Richmond Times-Dispatch: ‘We’re ready’: Henrico poised as White House pushes Congress on semiconductor chip incentives


Henrico County has a simple message for Congress about the need for swift action on a long-delayed federal incentive package to revive the manufacturing of semiconductor chips in the United States.

“We’re ready,” said Anthony Romanello, executive director of the Henrico Economic Development Authority.

With a shortage of semiconductor chips at the heart of rising inflation, the White House said Tuesday that it is pushing the House of Representatives and Senate to reconcile their differences quickly on competing versions of a spending package to invest in research and development of up to 10 new chip manufacturing facilities in the U.S.

“I hope we are within weeks, not months of finalizing this and getting it to the president’s desk,” U.S. Secretary of Commerce Gina Raimondo said in a White House press call on Tuesday.

Sen. Mark Warner, D-Va., a leader of the effort to pass the Senate bill in June, met with Raimondo for an event that month at Micron Technology’s semiconductor plant in Manassas. Micron, with another plant in Idaho, is the only company manufacturing semiconductor chips in the U.S., but Intel announced last month that it is making a $20 billion investment in two new chip factories in Ohio.

“Now that the House has finally acted, there’s no reason for further delay,” Warner said Tuesday. “I am urging the speedy appointment of a conference committee so that the House and Senate can hammer out the differences between our respective bills and get something to the president’s desk as soon as possible.”

Henrico isn’t the only Virginia locality hoping for a revival of the domestic semiconductor industry, but the county is well-positioned at the White Oak Technology Park, where Qimonda once employed 2,500 people making memory chips before closing its plants there and declaring bankruptcy in 2009.

“It’s the perfect location, the perfect setting,” said Rep. Abigail Spanberger, D-7th, in a recent interview. “They’ve got the ability to do it.”

Chesterfield County offered the 2,000-acre Upper Magnolia Green property as one of the top three sites for the Intel project, which is expected to invest $100 billion at full build-out, according to Garrett Hart, county director of economic development.

“We’re chasing [chip fabrication plants] in a big way,” Hart said Tuesday.

Hart said big semiconductor companies are preparing now to “get ready to go and put the shovel in the ground the minute the bill passes. It is key to bringing chip manufacturing back to this country.”

Spanberger has openly voiced frustration with House leadership for waiting until early February to adopt the COMPETES Act — almost eight months after the Senate approved the U.S. Innovation and Competition Act. She called the delay “outrageous.”

Raimondo attributed the long delay to the complexity of the 2,000-page bill, which she said was reviewed by 11 House committees.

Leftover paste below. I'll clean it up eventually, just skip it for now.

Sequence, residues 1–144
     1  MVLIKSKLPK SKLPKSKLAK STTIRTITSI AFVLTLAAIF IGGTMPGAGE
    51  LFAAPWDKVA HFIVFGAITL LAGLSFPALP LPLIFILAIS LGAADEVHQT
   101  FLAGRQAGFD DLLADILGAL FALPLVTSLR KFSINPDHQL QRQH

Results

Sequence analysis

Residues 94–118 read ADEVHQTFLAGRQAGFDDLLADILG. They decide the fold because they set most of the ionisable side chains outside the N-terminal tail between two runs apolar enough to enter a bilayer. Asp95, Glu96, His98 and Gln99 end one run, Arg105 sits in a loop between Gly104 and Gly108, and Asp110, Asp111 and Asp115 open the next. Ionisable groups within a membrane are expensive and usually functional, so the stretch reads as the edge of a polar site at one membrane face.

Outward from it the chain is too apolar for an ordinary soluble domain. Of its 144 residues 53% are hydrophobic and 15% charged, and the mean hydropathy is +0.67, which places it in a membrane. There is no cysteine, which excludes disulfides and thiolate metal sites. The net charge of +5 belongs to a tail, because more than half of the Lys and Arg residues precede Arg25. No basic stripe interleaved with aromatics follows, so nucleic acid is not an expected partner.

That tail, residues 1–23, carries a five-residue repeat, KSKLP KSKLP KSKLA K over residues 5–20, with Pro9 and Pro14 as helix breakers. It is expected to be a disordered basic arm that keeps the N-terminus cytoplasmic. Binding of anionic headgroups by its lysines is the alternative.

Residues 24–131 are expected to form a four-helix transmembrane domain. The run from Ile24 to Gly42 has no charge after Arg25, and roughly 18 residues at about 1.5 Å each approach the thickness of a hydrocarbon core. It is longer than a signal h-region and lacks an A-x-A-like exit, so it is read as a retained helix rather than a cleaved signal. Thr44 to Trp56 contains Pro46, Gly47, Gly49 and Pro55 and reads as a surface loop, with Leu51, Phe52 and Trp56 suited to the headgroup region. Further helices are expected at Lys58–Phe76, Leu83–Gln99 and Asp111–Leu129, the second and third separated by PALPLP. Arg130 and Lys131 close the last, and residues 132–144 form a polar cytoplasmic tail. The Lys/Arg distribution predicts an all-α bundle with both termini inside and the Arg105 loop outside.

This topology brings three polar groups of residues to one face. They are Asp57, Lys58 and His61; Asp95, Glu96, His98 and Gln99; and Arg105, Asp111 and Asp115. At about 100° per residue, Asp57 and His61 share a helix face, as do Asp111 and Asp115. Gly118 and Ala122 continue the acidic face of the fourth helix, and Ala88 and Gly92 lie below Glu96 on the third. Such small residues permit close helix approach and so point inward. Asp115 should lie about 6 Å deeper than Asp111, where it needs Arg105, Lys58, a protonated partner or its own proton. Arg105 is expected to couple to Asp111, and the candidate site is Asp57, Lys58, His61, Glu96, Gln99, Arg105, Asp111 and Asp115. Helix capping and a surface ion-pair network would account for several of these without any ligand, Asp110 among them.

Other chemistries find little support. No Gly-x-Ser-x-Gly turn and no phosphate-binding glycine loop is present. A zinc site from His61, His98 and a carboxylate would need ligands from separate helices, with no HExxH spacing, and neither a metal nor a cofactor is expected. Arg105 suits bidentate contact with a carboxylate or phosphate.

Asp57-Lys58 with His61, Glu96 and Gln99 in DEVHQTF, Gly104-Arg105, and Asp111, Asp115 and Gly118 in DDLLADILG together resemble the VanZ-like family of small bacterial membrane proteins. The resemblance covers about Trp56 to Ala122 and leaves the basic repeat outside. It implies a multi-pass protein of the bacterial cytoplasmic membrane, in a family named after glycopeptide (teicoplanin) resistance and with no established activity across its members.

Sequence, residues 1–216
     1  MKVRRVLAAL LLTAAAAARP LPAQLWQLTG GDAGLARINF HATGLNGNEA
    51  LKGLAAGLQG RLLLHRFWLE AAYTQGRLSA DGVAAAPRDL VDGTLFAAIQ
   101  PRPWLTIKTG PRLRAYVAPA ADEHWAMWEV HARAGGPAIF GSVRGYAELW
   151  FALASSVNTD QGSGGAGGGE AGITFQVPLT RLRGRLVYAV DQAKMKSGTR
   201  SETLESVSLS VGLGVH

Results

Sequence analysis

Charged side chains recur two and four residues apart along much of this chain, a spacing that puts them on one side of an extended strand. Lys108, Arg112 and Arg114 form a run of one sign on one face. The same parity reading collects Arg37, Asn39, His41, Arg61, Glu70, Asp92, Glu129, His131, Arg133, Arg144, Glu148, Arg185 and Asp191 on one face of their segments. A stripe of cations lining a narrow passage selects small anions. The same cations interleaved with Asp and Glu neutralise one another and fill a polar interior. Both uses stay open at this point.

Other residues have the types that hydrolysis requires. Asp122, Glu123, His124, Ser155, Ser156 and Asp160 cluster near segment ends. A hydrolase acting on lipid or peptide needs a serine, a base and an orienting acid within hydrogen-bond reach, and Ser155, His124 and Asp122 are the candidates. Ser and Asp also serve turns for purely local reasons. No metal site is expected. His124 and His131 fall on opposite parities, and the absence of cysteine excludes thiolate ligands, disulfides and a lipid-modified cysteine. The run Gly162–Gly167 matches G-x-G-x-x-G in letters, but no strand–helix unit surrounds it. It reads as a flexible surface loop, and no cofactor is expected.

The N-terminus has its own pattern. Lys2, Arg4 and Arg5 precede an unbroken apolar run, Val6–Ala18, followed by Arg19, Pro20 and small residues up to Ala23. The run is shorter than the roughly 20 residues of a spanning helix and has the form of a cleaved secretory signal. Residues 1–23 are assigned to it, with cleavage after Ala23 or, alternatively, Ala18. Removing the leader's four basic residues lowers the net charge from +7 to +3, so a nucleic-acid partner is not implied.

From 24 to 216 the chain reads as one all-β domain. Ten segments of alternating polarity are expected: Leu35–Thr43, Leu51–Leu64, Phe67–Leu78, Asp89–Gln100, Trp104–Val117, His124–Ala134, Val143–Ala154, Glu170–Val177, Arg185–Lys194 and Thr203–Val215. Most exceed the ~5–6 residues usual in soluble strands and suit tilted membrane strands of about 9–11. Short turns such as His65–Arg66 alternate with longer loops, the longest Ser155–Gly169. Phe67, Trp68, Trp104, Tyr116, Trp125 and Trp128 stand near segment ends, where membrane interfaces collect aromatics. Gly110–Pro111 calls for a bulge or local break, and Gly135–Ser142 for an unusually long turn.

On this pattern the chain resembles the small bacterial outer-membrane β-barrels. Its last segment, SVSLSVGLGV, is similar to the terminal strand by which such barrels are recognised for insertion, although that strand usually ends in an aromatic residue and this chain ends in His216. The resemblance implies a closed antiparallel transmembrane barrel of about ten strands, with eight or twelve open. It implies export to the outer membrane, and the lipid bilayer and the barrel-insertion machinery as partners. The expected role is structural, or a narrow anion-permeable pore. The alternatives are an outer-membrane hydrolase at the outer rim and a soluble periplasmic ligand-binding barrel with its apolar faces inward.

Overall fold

But she also acknowledged competing initiatives, notably passage of the Infrastructure Investment and Jobs Act in the fall and the failed attempt to adopt the Build Back Better spending package focused largely on helping families and combating climate change.

“There were a lot of other priorities at that time,” she said.

The need to revive the domestic manufacture of semiconductor chips has become more urgent with the rapid rise of inflation, which reached a 40-year high in January at 7.5% over the previous year.

Raimondo attributed one-third of the inflationary surge to the price of automobiles, which has soared because domestic production has been shackled by the lack of semiconductor chips that are essential to operating motor vehicles and other computer-powered goods.

“The reality is the semiconductor supply chain remains fragile and vulnerable. … They couldn’t access enough semiconductors in order to make the cars,” she said.

Biden considers the source of the problem to be the increased reliance of the U.S. on foreign production of critical goods over the past 20 years, said Raimondo, who noted that the short supply of semiconductor chips also affects sensitive equipment required by the U.S. military.

“If we want to compete globally, we have to invest domestically,” she said.

The competing bills aren’t the same, but they both focus primarily on increased investment in technological research and development, including $52 billion to boost the semiconductor industry and encourage private investment in new factories here to make chips.

Romanello called those proposed federal investments “a real tipping point for the industry.”

He won’t talk about potential economic development leads, but said, “We’ve had a number of encouraging conversations with the semiconductor industry in Henrico.”

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